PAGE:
Perkin Warbeck

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Perkin Warbeck (c. 1474 – 23 November 1499) was a pretender to the English Throne who claimed to be Richard of Shrewsbury, one of the 2 princes in the tower, the other being Edward V (2 November 1470 - c. July 1483). They were presumably murdered by Richard III (possibly propaganda).

Due to the uncertainty as to whether Richard had died (either of some natural cause or from having been murdered in the Tower of London) or whether he had somehow survived, Warbeck's claim gained some support. Followers may have truly believed Warbeck was Richard, or may have supported him simply because of their desire to overthrow the reigning king, Henry VII, and reclaim the throne. Given the lack of knowledge regarding Richard's fate, and having received support outside England, Warbeck emerged as a significant threat to the newly established Tudor dynasty; Henry declared Warbeck an impostor.

Dealing with Warbeck cost Henry VII over £13,000 (equivalent to £10,301,000 in 2019), putting a strain on Henry's weak state finances.

He was well received by James IV (Overthrew James III at Sauchieburn in 1488) and James IV helped him attempt to claim the throne, he later wanted him gone so James provided him with a ship called The Cuckoo. Horses were hired for 30 of Perkin's companions to ride to the ship at Ayr on 5 July 1497. Perkin pawned a horse for cash in Ayr and sailed to Waterford in shame. James IV made peace with England by signing the Treaty of Ayton at St Dionysius's Church in Ayton in Berwickshire. Once again Perkin attempted to lay siege to Waterford, but this time his effort lasted only eleven days before he was forced to flee Ireland, chased by four English ships. According to some sources, by this time he was left with only 120 men on two ships.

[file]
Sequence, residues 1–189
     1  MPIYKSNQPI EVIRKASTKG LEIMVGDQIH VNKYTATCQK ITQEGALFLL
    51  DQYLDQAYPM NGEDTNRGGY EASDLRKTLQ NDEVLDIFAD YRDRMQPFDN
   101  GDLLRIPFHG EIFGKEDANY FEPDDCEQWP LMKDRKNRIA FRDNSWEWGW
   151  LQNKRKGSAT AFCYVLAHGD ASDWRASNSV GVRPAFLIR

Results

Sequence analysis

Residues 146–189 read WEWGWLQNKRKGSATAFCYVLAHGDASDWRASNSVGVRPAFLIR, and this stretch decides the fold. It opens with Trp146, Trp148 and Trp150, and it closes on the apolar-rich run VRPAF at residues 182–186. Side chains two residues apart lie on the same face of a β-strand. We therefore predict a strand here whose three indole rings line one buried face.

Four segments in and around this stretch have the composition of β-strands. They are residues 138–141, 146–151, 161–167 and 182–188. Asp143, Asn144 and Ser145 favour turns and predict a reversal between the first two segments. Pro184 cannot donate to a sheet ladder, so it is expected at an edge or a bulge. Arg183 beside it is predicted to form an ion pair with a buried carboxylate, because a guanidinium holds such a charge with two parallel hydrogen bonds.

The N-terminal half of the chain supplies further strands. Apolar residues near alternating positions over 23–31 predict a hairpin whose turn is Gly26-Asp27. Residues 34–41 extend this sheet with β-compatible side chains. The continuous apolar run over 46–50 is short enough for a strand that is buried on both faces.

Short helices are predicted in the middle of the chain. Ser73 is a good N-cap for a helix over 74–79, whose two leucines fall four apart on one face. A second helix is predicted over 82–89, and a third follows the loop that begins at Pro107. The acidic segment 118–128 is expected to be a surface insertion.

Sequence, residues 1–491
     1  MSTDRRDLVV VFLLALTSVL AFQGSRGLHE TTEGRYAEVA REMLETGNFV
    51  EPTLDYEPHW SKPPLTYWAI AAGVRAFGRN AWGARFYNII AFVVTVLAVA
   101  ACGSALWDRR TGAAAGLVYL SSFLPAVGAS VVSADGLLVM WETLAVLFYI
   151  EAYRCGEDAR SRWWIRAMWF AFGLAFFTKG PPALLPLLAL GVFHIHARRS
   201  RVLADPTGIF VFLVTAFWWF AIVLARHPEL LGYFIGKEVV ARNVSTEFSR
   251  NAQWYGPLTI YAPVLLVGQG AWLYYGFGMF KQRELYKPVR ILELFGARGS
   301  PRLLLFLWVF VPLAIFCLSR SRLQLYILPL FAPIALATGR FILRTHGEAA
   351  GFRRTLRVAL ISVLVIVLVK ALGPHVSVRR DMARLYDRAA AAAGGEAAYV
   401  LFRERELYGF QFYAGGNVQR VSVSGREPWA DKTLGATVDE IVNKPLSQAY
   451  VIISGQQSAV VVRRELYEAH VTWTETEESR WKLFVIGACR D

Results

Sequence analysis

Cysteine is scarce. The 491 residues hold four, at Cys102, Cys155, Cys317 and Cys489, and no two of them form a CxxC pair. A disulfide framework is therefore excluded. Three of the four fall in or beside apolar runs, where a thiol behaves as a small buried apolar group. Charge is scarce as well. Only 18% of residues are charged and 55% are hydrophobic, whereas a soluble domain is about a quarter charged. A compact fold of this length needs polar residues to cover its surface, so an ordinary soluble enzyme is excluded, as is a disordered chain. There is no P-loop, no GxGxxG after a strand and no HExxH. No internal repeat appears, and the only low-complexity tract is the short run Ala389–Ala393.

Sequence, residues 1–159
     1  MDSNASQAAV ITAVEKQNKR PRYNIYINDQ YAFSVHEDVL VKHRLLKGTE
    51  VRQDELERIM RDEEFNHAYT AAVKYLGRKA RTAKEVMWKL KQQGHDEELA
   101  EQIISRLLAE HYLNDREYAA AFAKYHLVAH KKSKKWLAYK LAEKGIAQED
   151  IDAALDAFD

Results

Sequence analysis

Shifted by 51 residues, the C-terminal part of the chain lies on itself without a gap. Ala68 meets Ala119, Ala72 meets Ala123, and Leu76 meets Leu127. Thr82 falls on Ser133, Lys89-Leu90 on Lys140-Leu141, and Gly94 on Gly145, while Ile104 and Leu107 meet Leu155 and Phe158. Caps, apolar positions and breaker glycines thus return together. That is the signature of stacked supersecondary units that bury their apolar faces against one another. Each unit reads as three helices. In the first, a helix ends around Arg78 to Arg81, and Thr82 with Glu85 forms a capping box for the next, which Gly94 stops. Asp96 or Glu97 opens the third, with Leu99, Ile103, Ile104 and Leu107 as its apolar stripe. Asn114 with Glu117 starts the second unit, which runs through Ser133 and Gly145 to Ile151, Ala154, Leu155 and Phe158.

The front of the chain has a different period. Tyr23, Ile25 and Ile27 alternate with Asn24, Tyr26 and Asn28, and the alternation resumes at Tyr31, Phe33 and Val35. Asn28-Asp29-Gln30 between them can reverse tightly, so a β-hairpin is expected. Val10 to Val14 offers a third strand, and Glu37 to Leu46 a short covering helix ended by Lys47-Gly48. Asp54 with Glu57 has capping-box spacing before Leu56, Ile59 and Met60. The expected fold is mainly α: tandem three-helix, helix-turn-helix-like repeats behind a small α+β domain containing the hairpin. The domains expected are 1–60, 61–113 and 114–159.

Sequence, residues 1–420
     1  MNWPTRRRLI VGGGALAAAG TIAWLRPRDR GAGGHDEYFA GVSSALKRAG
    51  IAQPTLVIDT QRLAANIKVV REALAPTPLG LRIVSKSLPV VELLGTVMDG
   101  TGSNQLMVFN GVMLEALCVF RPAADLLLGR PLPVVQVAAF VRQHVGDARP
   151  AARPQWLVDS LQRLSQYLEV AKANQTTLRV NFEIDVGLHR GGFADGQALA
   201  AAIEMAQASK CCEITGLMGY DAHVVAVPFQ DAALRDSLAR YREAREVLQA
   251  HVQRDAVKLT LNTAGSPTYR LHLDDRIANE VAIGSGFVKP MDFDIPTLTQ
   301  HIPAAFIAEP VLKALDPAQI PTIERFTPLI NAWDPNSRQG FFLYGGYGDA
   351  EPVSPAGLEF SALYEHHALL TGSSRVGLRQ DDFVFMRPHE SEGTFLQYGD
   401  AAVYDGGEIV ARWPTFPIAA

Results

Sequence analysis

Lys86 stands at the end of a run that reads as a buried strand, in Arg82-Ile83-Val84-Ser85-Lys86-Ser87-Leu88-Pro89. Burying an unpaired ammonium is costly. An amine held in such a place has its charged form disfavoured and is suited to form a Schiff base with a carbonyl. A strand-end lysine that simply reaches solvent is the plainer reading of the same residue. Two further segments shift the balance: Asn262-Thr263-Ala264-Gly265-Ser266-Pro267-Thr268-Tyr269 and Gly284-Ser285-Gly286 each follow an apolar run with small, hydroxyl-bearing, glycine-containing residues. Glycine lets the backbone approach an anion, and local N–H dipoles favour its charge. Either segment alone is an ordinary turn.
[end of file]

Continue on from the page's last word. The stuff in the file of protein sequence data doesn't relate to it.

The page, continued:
Warbeck was initially treated well by Henry. As soon as he confessed to being an impostor, he was released from the Tower of London, and was given accommodation at Henry's court. He was even allowed to be present at royal banquets. He was, however, kept under guard and was not allowed to sleep with his wife, who was living under the protection of the queen.

After eight months at court, Warbeck tried to escape. He was quickly recaptured. He was then held in the Tower, initially in solitary confinement, and later alongside Edward Plantagenet, 17th Earl of Warwick; the two tried to escape in 1499. Captured once again, Warbeck was led from the Tower to Tyburn, London on 23 November 1499, where he read out a confession and was hanged. Warbeck's Irish ally John Atwater was also executed at Tyburn on the same day. The Earl of Warwick was beheaded on Tower Hill on 28 November 1499.